It’s common to look for the fairy tale ending in sports. It comes as a natural, learned behavior; one that starts at three years old when we’re told that David beats Goliath, the tortoise beats the hare, and no matter what, everyone lives happily ever after.
That those simple myths don’t always translate into the fabric of human life can be unsettling, to say the least; and when true reality does reveal the downs as well as the ups, the finality of what lies ahead becomes almost painful to watch.
Pain: That word doesn’t do justice to what Ricky Rudd was feeling on a not-so-pleasant Labor Day. Sunday night was supposed to be a celebration of the longevity of Rudd’s success – his 900th career start in the Cup Series keeps him in exclusive company with the King, the only men to toil that long behind the wheel in stock car racing’s top level. A certain Hall of Famer, Rudd is busy wrapping up a 31-year career that has seen him win the Brickyard 400, 22 other races, and drive for the likes of Richard Childress, Rick Hendrick and Robert Yates, all while setting a NASCAR record for consecutive starts with 788.
But at 51, California instead proved a reminder to the Virginian how retirement looms as a relief, not a stretch. After running mediocre for most of the evening – symptomatic of a season in which a one-time championship contender has finished in the top 10 just once – the driver of the No. 88 Ford found himself in the wrong place at the wrong time. Jeff Gordon made a rare mistake, cars went scrambling, and the next thing Rudd knew, his car was going sideways – and his body was bracing for a 140-mph hit into the outside wall, driver’s side first.
That didn’t go very well. Knocked unconscious, NASCAR’s former Iron Man understands his body is no longer made of steel. With a separated shoulder among the ailments diagnosed, Rudd has said he will likely sit it out for the foreseeable future. Even when he does get back in the seat, it’s doubtful the veteran will be 100% for the handful of races left remaining on the Nextel Cup schedule. Although opportunities still remain for Rudd to pull a miracle, it’s more likely than ever 2007 will be a winless campaign, his last after a one-year sabbatical to think about his future in the sport.
Of course, fans still cling to the dream. The clock ticking, they’ll walk hand-in-hand with the never-say-die Rudd until the last lap of the last race at Homestead, hoping against hope that magic works its way to the No. 88 car one final time. But dreams now find themselves gasping for air, the bubble burst on expectations left unmet. While Rudd has done so much behind the scenes at Yates, immeasurably assisting both the crew and the career of teammate David Gilliland, the history books will forever indicate the cruelness of a stats sheet that says Rudd should have kept himself from coming back.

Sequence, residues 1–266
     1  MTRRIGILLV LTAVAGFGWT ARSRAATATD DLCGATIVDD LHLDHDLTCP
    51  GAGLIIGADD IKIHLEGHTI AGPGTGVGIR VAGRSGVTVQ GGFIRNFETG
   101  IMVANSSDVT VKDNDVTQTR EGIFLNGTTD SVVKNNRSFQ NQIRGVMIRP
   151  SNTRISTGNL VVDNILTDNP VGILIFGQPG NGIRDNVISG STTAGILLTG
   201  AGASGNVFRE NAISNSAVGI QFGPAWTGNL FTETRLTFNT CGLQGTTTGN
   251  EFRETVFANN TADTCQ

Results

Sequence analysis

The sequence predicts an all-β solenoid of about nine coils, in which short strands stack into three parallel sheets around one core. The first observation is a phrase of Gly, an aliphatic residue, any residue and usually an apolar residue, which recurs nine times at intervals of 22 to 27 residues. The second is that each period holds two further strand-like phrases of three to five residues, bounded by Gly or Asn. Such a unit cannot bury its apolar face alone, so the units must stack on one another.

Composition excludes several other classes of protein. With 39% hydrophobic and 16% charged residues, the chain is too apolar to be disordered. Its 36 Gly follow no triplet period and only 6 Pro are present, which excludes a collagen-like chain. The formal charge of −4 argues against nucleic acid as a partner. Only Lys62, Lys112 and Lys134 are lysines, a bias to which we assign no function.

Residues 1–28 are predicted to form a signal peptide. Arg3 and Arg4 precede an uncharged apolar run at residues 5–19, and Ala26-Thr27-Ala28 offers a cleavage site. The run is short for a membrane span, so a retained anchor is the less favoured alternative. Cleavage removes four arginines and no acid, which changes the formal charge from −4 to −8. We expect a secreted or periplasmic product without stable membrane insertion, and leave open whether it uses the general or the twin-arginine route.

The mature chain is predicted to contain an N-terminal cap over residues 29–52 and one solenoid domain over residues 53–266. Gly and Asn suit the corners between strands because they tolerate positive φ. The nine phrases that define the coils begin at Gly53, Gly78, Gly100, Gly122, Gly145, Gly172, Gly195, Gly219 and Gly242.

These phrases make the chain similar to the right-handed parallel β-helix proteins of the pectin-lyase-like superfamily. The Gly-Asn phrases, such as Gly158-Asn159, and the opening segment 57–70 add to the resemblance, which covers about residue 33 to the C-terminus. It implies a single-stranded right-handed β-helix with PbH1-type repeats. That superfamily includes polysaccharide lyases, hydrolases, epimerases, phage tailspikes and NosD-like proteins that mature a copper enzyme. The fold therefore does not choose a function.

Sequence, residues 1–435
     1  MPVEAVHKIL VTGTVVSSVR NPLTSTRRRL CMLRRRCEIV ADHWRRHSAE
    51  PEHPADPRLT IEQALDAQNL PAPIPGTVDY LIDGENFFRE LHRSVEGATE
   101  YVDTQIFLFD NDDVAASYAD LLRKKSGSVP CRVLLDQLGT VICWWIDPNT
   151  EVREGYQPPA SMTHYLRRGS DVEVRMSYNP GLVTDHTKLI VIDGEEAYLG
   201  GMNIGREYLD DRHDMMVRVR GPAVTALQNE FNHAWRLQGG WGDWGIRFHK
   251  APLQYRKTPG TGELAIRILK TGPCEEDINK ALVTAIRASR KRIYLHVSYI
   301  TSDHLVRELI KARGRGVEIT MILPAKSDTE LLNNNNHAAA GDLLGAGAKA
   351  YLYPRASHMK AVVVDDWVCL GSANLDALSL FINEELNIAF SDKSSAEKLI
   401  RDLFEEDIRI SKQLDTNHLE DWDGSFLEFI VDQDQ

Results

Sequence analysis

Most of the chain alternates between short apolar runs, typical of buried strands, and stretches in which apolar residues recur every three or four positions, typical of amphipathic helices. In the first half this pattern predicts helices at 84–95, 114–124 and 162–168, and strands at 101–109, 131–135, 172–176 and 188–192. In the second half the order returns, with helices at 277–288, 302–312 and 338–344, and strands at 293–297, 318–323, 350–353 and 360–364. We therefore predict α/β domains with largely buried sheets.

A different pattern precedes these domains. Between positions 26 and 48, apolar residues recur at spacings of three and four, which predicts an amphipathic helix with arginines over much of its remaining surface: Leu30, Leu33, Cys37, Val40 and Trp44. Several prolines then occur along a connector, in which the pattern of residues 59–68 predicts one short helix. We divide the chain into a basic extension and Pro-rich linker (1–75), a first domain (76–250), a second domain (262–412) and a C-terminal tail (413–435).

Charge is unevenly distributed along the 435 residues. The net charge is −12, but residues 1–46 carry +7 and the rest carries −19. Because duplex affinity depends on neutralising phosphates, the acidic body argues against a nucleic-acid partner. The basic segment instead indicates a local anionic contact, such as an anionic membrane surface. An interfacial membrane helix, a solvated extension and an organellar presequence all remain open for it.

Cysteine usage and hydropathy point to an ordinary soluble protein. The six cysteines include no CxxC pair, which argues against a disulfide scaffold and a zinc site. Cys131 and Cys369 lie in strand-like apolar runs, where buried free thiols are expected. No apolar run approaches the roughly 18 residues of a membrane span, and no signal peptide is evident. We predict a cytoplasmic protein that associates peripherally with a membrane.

Over on the other side of Mooresville, a younger man sits on the same sidelines as Rudd, he just doesn’t know he’s there. The two are linked by the aura of imperfect endings; it’s a place where Dale Earnhardt Jr. seems predisposed to inhibit for now, shoved back from the limelight as the newest stock car fairy tale, NASCAR’s Chase for the Championship 2007, gets ready to debut on the national stage.
Making the playoffs seemed a foregone conclusion for Junior before the season began; but then again, so did a contract extension with the team his father owned, a natural development all expected but none saw teetering on the verge of collapse.
From there, indecision turned into division turned into divorce. Since the shock of change washed through both DEI and Hendrick Motorsports, Junior’s done a great job of adjusting, and so has his team – even when the rest of us were a step behind. It wasn’t for lack of effort that they won’t win a championship; but then again, if the parts and pieces always held up at just the right times for the No. 8 car, perhaps things could have been put in position to play out differently, no matter how much family squabble got in the way of future success.
But now, barring a Richmond miracle, Junior is out of the playoffs, faced with the humility of playing out the string with a team he’s looming ever closer to leaving behind. It’s nowhere near the happy ending expected; Junior making the Chase, putting forth a strong playoff run and giving credence to the words he spoke after exiting the car Sunday night.
“I would like to think they could run just as good without me,” Junior said of his team. “I would never be able to run this good without them.”
Of course, the irony here is with Hendrick, Junior is expected to run better, much better; that’s why Junior made that choice, and anything less would be a failure far beyond the scale of missing the Chase as a lame-duck driver for an organization clearly in transition. In the future, the No. 8 will be without him and his team will move forward; both will seek success in different places with different people, and life, as we know it, will go on.
Just not with the ending anyone expected, for either Junior or Rudd. Sometimes, It’s a reminder that sometimes, fairy tale endings turn out to really just be a figment of your own imagination.
About the author
The author of Bowles-Eye View (Mondays) and Did You Notice? (Wednesdays) Tom spends his time overseeing Frontstretch’s 30 staff members as its majority owner. Based in Philadelphia, Bowles is a two-time Emmy winner in NASCAR television and has worked in racing production with FOX, TNT, and ESPN while appearing on-air for SIRIUS XM Radio and FOX Sports 1's former show, the Crowd Goes Wild.
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